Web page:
Also, we analysed methylation status of p16 and TIMP3 by sequencing the regions of CpG-Islands as described in previous studies [17], [51]. The PCR products were extracted and subjected to cycle sequencing with BigDye Terminator sequencing kit and analysed on an ABI 3730 automated DNA capillary sequencer (Genterprise, Mainz, Germany).


Comparison of survival times between groups defined by methylation status was performed by Kaplan-Meier curves and with two-sided log rank tests. Univariate and multivariate Cox regression analysis was performed to identify significant predictors for survival and tumor recurrence. Stepwise backward selection based on the AIC (Akaike Information Criterion) was used for variable selection for the multivariate Cox model. Effects in all models were quantified by hazard ratio estimates with corresponding 95% confidence intervals.

All p-values were calculated with two-sided tests. Median progression free survival rates were calculated using the Kaplan-Meier method.

Ethics Statement

We obtained ethical approvel from local ethics committee for “The role of high risk of local recurrence in meningioma as indicated by the genetic progression score” (ethical approval No. 178/07) involving both, Department of Human Genetics, Saarland University and Neurosurgical Clinic, Saarland, University Medical School.

Written informed consent was obtained from each patient participating in the study.


We performed a prospective study on 124 tumor samples from 105 meningioma patients. The sex ratio was 2.6:1 in favor of females (76 women and 29 men). The average age of all patients at the date of first surgery was 57.2 years, and females were slightly but non-significant older on average (58.1 years vs. 54.8 years), see Table 1 and Table 2.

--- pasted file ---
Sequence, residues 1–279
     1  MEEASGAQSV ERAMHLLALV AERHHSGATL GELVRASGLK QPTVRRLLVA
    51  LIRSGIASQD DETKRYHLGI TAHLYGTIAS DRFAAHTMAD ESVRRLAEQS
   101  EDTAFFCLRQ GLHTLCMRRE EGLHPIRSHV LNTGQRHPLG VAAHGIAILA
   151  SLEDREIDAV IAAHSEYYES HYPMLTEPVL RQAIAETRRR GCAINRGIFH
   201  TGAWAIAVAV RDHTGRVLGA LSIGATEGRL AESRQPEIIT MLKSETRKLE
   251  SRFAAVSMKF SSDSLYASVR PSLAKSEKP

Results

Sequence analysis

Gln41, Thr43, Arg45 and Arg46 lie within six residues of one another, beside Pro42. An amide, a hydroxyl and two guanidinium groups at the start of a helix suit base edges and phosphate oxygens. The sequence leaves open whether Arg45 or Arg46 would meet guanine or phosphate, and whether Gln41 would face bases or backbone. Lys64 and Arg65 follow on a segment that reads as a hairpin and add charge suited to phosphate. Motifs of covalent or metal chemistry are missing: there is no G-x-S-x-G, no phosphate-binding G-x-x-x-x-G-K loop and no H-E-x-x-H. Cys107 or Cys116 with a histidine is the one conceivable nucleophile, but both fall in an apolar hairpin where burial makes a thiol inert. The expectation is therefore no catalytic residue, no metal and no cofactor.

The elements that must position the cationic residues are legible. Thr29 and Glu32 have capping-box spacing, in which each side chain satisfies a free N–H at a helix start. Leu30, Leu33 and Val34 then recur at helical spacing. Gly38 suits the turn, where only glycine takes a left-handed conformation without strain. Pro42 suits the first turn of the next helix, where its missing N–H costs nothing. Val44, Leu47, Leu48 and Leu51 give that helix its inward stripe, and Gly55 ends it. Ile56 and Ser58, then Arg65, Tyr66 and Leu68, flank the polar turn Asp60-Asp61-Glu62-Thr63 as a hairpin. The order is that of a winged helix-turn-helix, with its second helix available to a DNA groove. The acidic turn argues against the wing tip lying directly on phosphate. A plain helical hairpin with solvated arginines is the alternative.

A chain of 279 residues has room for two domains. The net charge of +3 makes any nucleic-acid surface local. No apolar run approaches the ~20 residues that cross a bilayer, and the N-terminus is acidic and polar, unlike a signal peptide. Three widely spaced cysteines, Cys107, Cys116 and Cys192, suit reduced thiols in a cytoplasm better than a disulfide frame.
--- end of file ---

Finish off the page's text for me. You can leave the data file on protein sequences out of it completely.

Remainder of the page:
In 91 tumors (86.6%), only one surgical procedure was performed, in 10 patients (9.5%) 2, in 3 patients (2.9%) 3, and one patient had 4 times a tumor resection.

The histological results showed in 62 cases (59.05%) a WHO grade I tumor, in 35 cases (33.33%) a WHO grade II and in 8 cases (7.62%) a WHO grade III. The WHO grade was significantly correlated with tumor recurrence (p = 0.0026; Table 1; Figure 3).

Figure 3. Kaplan-Meier survival curves for times to recurrence of meningioma patients; patients are split into 3 subgroups according to WHO grades.

In 59% of the investigated cases we detected chromosomal aberrations by FISH analysis: loss of the long arm of chromosome 22 in 48.6% (51/105), loss of the chromosomal region 1p36 in 35.2% (37/105) and loss of the chromosomal region 9p21 in 6.67% (7/105).